Common Sense Note
Parents need to know that this 1998 romantic comedy may seem old-fashioned to teen viewers, especially given the technology -- dial-up Internet access and AOL chat rooms -- at the heart of its plot. But they'll likely find it entertaining, too, and still relatable. There's a chain-stores-versus-independent-stores debate that may give young viewers pause (but would surely be informative). Plus, expect some discussions about infidelity and cybersex.
Some references to a man dating women way younger than him; two characters email each other and chat online and acquainted without their respective partners knowing; and there's a passionate embrace and kiss in the end. Discussions of infidelity and cybersex.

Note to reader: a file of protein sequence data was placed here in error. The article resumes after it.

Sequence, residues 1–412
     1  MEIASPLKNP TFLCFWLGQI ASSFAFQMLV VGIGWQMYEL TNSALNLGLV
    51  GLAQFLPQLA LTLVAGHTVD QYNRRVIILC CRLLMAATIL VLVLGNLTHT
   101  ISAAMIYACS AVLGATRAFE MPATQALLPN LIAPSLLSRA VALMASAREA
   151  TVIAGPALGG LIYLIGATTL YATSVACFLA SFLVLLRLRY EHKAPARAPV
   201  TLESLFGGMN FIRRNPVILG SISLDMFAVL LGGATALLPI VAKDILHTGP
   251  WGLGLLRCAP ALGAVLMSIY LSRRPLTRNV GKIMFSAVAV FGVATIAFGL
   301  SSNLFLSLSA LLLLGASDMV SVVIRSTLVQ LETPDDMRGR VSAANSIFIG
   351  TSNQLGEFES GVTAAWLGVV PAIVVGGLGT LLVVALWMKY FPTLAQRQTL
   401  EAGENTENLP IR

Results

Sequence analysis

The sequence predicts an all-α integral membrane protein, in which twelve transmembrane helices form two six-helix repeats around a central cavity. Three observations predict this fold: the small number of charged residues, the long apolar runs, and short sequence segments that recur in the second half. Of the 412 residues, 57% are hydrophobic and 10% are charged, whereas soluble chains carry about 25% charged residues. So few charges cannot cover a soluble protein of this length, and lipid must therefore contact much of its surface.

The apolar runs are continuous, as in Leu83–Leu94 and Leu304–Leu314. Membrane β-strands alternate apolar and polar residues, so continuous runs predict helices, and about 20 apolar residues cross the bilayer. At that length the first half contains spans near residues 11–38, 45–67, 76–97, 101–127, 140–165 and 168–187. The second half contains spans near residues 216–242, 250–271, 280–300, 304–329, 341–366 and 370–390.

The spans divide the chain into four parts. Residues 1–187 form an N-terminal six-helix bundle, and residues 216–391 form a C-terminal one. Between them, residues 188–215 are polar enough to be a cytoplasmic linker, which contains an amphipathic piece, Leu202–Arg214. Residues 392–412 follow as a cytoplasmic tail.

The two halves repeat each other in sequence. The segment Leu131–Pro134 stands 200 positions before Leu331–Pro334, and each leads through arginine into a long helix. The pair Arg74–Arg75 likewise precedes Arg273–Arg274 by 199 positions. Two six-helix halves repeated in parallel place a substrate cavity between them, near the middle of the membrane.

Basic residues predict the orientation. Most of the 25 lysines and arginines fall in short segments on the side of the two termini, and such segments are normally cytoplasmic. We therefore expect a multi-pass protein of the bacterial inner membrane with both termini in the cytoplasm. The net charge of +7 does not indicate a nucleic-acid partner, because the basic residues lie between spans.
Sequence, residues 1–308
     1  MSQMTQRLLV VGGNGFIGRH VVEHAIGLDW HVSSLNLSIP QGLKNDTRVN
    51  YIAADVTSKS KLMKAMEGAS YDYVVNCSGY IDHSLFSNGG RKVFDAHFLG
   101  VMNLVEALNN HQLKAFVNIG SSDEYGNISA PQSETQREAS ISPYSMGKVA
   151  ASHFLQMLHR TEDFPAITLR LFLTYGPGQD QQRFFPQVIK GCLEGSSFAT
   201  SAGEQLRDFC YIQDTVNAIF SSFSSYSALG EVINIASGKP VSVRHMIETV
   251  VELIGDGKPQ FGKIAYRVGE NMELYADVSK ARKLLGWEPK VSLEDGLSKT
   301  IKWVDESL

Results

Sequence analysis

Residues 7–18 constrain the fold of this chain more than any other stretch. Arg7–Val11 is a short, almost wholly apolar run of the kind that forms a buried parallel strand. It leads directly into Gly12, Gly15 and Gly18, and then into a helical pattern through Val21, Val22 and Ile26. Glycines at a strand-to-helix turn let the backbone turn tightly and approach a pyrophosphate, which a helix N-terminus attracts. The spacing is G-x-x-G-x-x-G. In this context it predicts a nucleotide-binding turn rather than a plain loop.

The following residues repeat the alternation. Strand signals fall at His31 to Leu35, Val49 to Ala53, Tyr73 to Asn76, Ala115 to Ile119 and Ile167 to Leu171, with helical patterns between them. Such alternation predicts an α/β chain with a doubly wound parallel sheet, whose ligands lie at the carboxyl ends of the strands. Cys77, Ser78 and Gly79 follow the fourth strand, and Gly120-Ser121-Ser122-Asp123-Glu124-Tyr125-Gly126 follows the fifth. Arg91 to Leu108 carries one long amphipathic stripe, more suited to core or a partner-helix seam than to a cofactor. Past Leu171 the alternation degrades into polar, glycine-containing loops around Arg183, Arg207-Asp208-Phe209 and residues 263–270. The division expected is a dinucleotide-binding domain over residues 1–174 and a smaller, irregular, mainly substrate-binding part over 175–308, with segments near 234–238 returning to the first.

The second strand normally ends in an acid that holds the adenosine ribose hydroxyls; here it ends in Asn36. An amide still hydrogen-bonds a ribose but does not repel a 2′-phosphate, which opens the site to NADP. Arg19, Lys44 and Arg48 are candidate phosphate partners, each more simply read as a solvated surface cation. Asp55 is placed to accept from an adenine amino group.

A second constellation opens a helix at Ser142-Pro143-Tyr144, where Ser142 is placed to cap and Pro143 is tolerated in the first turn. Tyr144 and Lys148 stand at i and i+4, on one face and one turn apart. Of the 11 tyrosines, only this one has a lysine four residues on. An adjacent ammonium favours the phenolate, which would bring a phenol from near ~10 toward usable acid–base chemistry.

Infrequent use of "ass" and "hell."
Romantic but confusing: Woman falls in love with the very man who helped destroy her family bookstore -- so perhaps the message is, love conquers all? Messages about corporate power over mom-and-pop business.
Prominent logos for Starbucks, Baby Gap, America Online (and the tell-tale sound of its dial-up service), Zabar's, VISA, etc.
Drugs / Tobacco /
Social drinking, primarily wine, at events and restaurants.